Coronado Park Artist in Residency

Cook Inlet Housing Authority owns and operates a variety of affordable and rental-market housing in the Coronado Park neighborhood of Eagle River. Coronado Park is a small neighborhood within walking distance of restaurants, grocery stores, a gym, a coffee shop, entertainment venues, and other local retailers. The neighborhood is envisioned to be a diverse, multigenerational community with residents ranging from young professionals and families to military families and retirees.

CIHA has engaged in a variety of community building initiatives in Coronado Park, such as resident engagement programming for senior residents and the construction of a new senior-friendly community park. In 2019, CIHA partnered with local artist Marie Acemah in a one-year artist-in-residency for the neighborhood. Throughout the past year, Marie has worked with CIHA staff to develop arts and culture- based interventions that activate residents to build community, neighborhood pride and neighborhood stewardship.

Marie has led a variety of successful community engagement activities in the neighborhood:

  • After attending various social events in CIHA’s senior housing building and getting to know residents, Marie learned that they were interested in gathering to craft. She began monthly “Crafternoons,” in which neighbors made cards, painted rocks, or brought their own crafts. The Crafternoons integrated senior housing residents with other intergenerational neighborhood residents through shared conversation and crafting. Neighbors connected organically by helping each other learn crocheting, painting, and sewing techniques.
  • At a July 2019 Community Picnic where neighbors were invited to share their feedback about the park plans, one woman requested a mini-library and others agreed that it would be a wonderful thing to have. Marie followed up the next month by ordering a pre-built mini-library and engaging neighbors in painting it. She also participated in a ribbon-cutting celebration after its installation.
  • Currently, one of Coronado Park’s roads is named Conquistador Drive. Given the history of conquistadors in the Americas, CIHA doees not believe that this name aligned with their values as an Alaska Native housing authority. Marie worked with CIHA staff and Iñupiaq cultural bearer Alice Qannik Glenn to engage residents with a street name change petition for Conquistador Drive. They visited residents, passed out flyers, and facilitated a community conversation in which residents discussed the need for an alteration of the current “Conquistador” name. Meeting attendees democratically agreed on the proposed new name, Qintali Drive, which means “wide ridge” and is how the Dena’ina have historically referred to nearby Mount Baldy. The new name will honor the Dena’ina stewardship of the land and our many Alaska Native residents, creating a more meaningful sense of place and making the community more welcoming and livable. CIHA is continuing to work with the Municipality of Anchorage on the name change process and intends to include interpretive signage in the new community park explaining the meaning of the name.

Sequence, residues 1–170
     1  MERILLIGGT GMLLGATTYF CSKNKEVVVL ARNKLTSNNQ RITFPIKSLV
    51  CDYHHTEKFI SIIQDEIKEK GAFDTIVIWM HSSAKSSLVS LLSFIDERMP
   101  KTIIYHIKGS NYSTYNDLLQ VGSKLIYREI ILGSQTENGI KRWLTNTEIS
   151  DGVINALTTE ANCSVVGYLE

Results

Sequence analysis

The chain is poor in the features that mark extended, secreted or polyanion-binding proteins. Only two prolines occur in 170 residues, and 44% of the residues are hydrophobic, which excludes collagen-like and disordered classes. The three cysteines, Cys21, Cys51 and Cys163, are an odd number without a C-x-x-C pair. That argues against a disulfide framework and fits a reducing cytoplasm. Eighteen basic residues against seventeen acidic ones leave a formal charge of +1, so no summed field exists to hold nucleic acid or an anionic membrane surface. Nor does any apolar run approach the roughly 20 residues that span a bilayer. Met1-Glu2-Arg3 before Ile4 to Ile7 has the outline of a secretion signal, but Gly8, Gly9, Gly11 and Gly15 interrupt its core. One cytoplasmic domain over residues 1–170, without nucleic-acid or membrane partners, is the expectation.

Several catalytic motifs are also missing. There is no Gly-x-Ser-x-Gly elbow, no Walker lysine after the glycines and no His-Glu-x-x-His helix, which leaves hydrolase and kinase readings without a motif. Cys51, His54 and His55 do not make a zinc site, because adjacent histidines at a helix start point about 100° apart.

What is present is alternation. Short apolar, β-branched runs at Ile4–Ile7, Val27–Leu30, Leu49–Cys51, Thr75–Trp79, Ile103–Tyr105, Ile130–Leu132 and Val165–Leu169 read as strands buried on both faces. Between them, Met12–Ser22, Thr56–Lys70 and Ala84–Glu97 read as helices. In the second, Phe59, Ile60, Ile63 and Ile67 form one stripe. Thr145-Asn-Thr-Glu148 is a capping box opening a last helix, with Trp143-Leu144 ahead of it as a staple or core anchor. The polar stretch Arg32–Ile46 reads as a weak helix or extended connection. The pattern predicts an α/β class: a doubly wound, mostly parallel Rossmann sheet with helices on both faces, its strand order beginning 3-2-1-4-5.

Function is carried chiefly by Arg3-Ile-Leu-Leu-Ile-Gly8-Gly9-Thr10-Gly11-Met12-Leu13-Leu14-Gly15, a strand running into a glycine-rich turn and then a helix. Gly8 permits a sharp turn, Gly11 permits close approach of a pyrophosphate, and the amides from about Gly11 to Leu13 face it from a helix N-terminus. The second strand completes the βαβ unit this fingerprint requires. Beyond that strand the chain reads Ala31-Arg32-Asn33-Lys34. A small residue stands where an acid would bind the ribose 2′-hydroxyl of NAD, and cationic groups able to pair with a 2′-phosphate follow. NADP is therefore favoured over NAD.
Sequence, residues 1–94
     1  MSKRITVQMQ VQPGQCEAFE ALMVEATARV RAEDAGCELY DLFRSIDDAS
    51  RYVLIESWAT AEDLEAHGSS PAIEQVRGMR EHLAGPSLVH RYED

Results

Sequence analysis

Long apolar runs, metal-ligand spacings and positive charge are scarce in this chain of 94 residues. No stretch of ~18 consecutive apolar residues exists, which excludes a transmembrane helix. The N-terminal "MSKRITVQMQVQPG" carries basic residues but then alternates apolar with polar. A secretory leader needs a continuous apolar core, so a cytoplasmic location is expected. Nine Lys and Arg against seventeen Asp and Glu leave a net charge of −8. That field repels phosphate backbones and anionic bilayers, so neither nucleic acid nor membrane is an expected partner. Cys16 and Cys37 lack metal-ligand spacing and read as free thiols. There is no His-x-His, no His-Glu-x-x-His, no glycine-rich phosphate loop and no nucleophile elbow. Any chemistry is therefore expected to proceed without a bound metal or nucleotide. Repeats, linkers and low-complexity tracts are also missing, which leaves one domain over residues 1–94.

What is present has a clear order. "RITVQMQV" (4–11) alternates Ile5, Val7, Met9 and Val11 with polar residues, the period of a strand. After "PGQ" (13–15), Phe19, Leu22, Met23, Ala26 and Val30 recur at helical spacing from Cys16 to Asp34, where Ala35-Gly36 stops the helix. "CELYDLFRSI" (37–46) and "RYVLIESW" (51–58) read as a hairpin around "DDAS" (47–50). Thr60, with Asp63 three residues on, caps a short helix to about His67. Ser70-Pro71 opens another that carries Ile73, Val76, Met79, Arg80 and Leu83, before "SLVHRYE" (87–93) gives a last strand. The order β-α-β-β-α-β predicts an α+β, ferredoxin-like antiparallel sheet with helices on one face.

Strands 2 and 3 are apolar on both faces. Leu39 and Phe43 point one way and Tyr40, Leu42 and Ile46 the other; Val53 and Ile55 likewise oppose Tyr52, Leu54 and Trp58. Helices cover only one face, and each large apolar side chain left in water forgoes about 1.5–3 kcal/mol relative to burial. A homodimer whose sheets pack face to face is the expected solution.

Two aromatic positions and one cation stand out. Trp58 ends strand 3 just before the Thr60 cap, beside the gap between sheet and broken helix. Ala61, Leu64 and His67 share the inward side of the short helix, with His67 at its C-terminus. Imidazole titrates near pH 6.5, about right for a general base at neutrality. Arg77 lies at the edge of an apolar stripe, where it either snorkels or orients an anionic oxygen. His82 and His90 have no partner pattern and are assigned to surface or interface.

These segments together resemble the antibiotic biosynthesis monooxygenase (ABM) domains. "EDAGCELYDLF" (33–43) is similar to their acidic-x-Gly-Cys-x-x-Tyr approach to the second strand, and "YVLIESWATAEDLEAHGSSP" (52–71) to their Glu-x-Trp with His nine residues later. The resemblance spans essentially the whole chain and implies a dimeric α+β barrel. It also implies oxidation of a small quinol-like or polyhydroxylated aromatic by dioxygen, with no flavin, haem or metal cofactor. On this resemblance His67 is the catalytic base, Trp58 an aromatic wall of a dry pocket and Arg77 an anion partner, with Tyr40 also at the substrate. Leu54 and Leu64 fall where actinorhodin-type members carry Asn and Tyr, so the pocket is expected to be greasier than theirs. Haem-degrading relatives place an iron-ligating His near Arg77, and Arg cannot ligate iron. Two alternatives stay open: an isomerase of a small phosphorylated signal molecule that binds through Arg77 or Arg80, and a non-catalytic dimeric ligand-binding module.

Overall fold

• Coronado Park’s new senior-friendly park will offer accessible community gardening beds, a garden shed, a play area, accessible benches and tables, and green space that will encourage neighborhood residents to engage, interact and embrace healthy lifestyles. Upon the park’s completion in fall 2020, Marie will invite seniors to creatively personalize the shed by creating artistic tiles to decorate its walls. She also plans to invite residents to paint bird houses that can be scattered throughout the park, so their art is integrated into the park. Engaging neighborhood volunteers to decorate the park will create a more long-term sense of place, stewardship, and community building in the neighborhood.